And if you’re human, you belong, too.

No longer politics as usual.

No longer politics as usual.

A few of my son’s friends came over recently to pick something up, and they had not seen our house yet. My son gave them a tour, and the whole time I was thinking, “Good Lord. This house is a mess.” I was somewhat embarrassed, and a bit frustrated about the condition of the kids’ bedrooms and bathroom.

As I watched the RNC conclusion that night, a similar feeling crept in. I am embarrassed and frustrated by the state of our country and the presidential race, which is no longer about parties or contentious debate. Heck, I led my 5th-grade class in support of Nixon in a mock election; I know how it feels to be on the ultimately losing end of politics. This is not that.

“This” is the staggering number of Americans who seem to want to return America to a time when we were not, in fact, great. They want to return to a time when white males were in charge, a time when minorities and gays were allowed – encouraged, even – to be marginalized, a time when women were best found in the kitchen in full makeup with dinner cooking. They seem to want to go back to the days when violence was the answer to any given night’s saloon debate, the days when it was okay to hate because it was “us” versus “them,” and “us” was always right. The days when “them” could have been anybody.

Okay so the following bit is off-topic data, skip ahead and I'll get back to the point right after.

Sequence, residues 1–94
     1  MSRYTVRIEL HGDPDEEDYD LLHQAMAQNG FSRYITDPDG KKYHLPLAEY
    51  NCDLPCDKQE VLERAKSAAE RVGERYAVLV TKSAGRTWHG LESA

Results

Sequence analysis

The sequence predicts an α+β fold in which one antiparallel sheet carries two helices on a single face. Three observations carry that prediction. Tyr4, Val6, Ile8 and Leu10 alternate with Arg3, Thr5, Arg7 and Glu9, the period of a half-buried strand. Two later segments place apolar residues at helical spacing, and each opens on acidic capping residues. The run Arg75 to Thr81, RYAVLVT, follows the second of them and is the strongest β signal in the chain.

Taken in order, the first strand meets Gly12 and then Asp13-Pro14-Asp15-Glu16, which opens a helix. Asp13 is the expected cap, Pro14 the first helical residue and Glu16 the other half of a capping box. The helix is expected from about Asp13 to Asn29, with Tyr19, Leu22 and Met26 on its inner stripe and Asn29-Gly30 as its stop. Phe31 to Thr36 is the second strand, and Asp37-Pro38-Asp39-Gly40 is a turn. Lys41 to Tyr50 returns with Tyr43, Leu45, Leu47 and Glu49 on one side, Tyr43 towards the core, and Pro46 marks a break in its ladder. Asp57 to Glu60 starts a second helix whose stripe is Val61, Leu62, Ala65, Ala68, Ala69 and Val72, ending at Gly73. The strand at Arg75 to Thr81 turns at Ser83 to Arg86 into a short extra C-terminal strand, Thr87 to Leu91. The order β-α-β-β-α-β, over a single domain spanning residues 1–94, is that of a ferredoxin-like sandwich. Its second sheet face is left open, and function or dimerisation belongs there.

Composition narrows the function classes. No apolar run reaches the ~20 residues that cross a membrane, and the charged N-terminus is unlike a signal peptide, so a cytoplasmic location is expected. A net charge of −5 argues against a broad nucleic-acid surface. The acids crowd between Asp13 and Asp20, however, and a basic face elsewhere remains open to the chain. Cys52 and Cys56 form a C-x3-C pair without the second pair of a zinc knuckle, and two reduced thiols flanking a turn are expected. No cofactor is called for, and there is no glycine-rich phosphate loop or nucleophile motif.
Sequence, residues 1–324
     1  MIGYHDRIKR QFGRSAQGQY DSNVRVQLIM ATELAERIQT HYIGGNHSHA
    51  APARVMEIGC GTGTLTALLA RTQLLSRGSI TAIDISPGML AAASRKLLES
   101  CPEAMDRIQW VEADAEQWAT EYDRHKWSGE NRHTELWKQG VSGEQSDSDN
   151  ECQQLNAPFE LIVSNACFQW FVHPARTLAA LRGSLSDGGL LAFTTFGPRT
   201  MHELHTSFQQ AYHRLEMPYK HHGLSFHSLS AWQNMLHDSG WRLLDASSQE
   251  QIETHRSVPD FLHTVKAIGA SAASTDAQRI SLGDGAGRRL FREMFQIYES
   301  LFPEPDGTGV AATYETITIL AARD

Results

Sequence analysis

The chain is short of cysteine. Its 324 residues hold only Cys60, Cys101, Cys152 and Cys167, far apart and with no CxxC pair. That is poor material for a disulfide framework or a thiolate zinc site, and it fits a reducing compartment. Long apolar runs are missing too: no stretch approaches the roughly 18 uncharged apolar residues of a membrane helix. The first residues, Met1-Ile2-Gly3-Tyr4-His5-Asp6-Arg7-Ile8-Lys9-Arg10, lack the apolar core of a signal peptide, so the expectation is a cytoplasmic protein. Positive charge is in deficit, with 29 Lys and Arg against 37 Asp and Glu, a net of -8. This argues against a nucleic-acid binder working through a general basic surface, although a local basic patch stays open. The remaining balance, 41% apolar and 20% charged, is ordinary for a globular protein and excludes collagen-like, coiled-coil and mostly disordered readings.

Trump did not win the nomination based on his platform; one can logically argue the issues of a platform. He won the nomination by encouraging fear, prejudice, lies, hatred and bigotry, and there is no room for logic there. He condones – incites! – violence against those who disagree with him, and resorts to the name-calling and insult-spewing tactics of a schoolyard bully when faced with adversity.

This is no longer about Democrats vs. Republicans. We have survived that divide time and again. This is about the American people. As the great one once said, a house divided cannot stand. And with the depth of the hatred, racism and bigotry we have seen rise to the surface this year … I’m embarrassed and frustrated about the condition of our house.

The Arrogance of Youth, or how I learned to stop lying about hair color

The Arrogance of Youth, or how I learned to stop lying about hair color

Waiting for the Memorial Day Observance to begin last evening, I couldn’t help overhearing a conversation between a few elderly people a few chairs away. They were discussing the lives and accomplishments of some of their relatives, and one woman said, “I’ll never forget my niece! She lives – wait. Where does she live, dear?” she asked her husband. “Cleveland. Yes. And what’s her name again?” I sat there chuckling, thinking, what do you mean, you’ll never forget her? You’ve already forgotten her!

I was feeling the smug of youth.

It reminded me of a visit a few years back to my hometown, when I went to the local YMCA to watch my mom teach her Senior Aqua-Aerobics class. They were all in the pool as I greeted my mother. She was thrilled to show off her students – her “ladies” – to me, and me to them.

“And this is my dance instructor,” she said at one point, introducing me to a woman in her eighties in a spiffy one-piece suit holding hand weights, who was also a redhead.